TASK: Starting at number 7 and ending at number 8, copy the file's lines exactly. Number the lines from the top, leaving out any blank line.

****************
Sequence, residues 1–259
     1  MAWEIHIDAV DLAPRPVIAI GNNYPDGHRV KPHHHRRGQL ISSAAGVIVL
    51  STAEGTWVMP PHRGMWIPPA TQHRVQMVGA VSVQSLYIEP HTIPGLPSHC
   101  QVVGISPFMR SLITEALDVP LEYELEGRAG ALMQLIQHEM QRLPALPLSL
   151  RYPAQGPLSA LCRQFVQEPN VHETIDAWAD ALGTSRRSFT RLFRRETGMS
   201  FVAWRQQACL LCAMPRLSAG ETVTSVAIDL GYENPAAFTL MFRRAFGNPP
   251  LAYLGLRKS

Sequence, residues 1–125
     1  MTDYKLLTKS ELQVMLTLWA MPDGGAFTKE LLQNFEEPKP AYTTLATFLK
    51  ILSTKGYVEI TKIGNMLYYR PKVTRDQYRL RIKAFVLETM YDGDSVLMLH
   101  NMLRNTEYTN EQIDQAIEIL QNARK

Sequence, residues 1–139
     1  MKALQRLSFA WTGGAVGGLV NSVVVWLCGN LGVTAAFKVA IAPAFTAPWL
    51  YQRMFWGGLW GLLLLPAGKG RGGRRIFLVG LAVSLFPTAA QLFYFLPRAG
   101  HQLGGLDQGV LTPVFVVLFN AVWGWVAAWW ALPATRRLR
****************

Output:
   251  LAYLGLRKS

Sequence, residues 1–125